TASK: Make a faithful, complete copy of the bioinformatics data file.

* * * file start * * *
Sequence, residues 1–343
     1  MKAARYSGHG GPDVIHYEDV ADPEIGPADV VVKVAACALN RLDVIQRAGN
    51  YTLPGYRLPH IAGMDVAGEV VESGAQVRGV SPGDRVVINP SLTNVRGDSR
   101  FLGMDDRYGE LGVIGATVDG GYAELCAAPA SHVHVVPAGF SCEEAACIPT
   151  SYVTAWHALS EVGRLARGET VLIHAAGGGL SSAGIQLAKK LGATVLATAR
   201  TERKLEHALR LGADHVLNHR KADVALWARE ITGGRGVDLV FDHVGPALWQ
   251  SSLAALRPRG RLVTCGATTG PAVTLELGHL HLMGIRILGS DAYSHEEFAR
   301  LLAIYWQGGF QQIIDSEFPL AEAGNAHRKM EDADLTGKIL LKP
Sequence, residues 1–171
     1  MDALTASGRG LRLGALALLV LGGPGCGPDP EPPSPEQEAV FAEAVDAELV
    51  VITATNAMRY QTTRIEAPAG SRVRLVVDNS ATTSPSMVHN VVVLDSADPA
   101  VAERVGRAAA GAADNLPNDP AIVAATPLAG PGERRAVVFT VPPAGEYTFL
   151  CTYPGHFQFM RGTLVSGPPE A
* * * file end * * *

Sequence, residues 1–343
     1  MKAARYSGHG GPDVIHYEDV ADPEIGPADV VVKVAACALN RLDVIQRAGN
    51  YTLPGYRLPH IAGMDVAGEV VESGAQVRGV SPGDRVVINP SLTNVRGDSR
   101  FLGMDDRYGE LGVIGATVDG GYAELCAAPA SHVHVVPAGF SCEEAACIPT
   151  SYVTAWHALS EVGRLARGET VLIHAAGGGL SSAGIQLAKK LGATVLATAR
   201  TERKLEHALR LGADHVLNHR KADVALWARE ITGGRGVDLV FDHVGPALWQ
   251  SSLAALRPRG RLVTCGATTG PAVTLELGHL HLMGIRILGS DAYSHEEFAR
   301  LLAIYWQGGF QQIIDSEFPL AEAGNAHRKM EDADLTGKIL LKP
Sequence, residues 1–171
     1  MDALTASGRG LRLGALALLV LGGPGCGPDP EPPSPEQEAV FAEAVDAELV
    51  VITATNAMRY QTTRIEAPAG SRVRLVVDNS ATTSPSMVHN VVVLDSADPA
   101  VAERVGRAAA GAADNLPNDP AIVAATPLAG PGERRAVVFT VPPAGEYTFL
   151  CTYPGHFQFM RGTLVSGPPE A